Electronic Field Vector Mapping
Electronic Field Vector Mapping (EFVM) is a leak detection method that will pinpoint the exact area of water entry. EVFM begins with a grounded wire loop around a given roof section, typically 5,000 to 20,000 square feet. The technician applies water as a conductive medium and one lead is connected to the wire loop and the other lead connects to the roof deck. Leaks are detected when the electronic current travels across the roof membrane and down through the breach in the deck. The technician will use two probes to determine the exact location of the leak.
EFVM is most often used on roofs where leak detection can be difficult due to ballasted single-pile roof systems or inverted roof membrane assembles. The suitability of EFVM depends on the electrical resistance of the waterproofing materials of the roofing system. Some waterproofing membranes vary in electrical properties, and some formulations may not be compatible.
STAYING ON TOP OF IT. In a traditional roofing program, the in-house patch-and-repair teams or the contracted service teams are on call for leaks. This emergency response experience is sometimes rewarding (particularly for those on the team that can truly stop the leaks with one visit), but it is stressful for those that field the constant calls and complaints. Under a more strategic roof management plan the leak response teams do more preventative maintenance and less emergency response.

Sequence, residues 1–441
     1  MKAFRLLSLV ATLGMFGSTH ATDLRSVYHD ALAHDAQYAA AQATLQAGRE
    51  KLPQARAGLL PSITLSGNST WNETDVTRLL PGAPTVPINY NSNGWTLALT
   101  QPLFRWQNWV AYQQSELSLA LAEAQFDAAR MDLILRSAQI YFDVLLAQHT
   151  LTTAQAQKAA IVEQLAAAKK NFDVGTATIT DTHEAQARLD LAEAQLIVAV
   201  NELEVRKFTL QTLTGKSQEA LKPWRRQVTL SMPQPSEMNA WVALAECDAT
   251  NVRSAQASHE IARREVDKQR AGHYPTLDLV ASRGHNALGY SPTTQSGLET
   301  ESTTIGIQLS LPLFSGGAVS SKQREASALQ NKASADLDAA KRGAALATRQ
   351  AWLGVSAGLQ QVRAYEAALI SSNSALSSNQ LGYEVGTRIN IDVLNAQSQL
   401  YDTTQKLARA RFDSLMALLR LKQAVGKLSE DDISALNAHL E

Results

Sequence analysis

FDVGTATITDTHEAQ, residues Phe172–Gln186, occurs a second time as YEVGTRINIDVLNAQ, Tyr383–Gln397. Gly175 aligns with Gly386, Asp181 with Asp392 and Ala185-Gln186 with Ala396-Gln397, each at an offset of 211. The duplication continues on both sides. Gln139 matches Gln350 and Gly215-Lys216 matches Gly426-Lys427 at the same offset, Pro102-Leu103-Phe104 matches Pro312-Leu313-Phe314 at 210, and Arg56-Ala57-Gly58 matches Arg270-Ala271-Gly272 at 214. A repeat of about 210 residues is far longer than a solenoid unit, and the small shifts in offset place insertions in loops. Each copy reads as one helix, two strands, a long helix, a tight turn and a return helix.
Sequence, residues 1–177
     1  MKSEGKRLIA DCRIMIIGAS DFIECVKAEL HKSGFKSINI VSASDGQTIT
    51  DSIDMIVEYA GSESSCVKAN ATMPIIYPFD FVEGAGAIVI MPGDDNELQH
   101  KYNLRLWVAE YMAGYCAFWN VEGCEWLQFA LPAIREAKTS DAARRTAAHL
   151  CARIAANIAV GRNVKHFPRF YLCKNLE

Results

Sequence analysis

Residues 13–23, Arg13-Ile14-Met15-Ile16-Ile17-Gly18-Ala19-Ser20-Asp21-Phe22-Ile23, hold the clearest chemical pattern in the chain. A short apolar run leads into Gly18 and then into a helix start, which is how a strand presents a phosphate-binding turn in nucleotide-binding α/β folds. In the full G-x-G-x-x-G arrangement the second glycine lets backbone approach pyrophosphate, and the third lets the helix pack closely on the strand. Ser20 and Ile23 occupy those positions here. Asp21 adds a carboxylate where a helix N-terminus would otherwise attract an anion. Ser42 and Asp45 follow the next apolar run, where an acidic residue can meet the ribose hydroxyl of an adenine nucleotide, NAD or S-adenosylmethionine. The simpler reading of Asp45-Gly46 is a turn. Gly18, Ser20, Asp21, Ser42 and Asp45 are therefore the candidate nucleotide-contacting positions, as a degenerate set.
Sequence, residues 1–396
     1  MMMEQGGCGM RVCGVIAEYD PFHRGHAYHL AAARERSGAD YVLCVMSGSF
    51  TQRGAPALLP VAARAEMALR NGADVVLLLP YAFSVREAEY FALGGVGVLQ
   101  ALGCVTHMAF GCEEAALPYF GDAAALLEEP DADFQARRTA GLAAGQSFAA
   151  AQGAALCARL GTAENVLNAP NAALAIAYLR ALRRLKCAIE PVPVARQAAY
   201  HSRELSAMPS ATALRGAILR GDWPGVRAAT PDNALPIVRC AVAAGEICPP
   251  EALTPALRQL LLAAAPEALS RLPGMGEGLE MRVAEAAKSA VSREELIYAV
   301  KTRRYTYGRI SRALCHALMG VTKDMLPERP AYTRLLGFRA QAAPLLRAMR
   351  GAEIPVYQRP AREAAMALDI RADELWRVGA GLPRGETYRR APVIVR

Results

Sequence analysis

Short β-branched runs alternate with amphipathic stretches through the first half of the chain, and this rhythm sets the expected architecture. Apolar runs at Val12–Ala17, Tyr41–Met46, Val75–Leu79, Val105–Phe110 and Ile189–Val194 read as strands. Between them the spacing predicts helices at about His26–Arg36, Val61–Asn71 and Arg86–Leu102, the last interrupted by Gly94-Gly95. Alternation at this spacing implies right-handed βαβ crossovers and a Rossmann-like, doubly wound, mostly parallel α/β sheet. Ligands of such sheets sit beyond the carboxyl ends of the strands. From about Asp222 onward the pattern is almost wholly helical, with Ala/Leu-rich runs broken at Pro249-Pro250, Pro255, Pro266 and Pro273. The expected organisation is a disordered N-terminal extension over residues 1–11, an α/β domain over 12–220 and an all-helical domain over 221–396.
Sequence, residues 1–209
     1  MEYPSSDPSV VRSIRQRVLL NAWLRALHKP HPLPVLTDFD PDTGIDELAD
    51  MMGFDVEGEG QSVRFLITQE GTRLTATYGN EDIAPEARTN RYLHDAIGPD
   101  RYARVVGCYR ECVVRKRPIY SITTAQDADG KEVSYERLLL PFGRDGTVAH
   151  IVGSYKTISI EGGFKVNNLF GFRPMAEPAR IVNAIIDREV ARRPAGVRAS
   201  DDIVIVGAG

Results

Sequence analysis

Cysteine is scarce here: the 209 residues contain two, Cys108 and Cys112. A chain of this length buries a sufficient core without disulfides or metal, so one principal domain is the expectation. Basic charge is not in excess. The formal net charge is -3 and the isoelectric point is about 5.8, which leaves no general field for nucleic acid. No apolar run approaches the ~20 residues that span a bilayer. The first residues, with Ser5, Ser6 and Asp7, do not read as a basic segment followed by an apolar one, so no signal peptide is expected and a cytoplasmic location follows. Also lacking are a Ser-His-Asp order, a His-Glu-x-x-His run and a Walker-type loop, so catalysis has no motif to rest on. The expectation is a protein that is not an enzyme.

Maintenance and Prevention
Infrared thermography, nuclear scans and EFVM are all optimal, nondestructive ways to help find difficult roof leaks if the technician has been properly trained on how to operate the equipment. The equipment has become more affordable, but it can be costly to find a skilled technician who can perform the ELD technology successfully. Simply being proactive in leak maintenance can keep a building owner from spending extra costs for the ELD testing.
Additionally, a new roof does not mean that the commercial roofing system won’t encounter leaks or damage. Roof system maintenance is often the most neglected area of a building system. In order to extend the life of a roofing system, conducting roof inspections and minor repairs twice a year is recommended. Debris should be cleaned from the gutters and roof drains and penetrations and perimeters edges should be checked.
Scheduling routine commercial roof inspections and keeping a close eye on common problem areas will save significant costs with proactive management rather than paying for large-scale damage repairs and water cleanup.
While there are multiple causes of commercial and institutional roof leaks, water damage can be detrimental to the building envelope. Detecting the source of the leak can present another set of challenges for the building owner and it is highly advised that the building owner schedule a roof inspection with a trusted contractor. A highly skilled technician has the knowledge and training to launch an inspection to identify and repair the breach. Additionally, the technician will know what technology is best suited to pinpoint defects in the roofing membrane, enabling targeted and effective repairs.
This was originally published in College Planning & Management Magazine.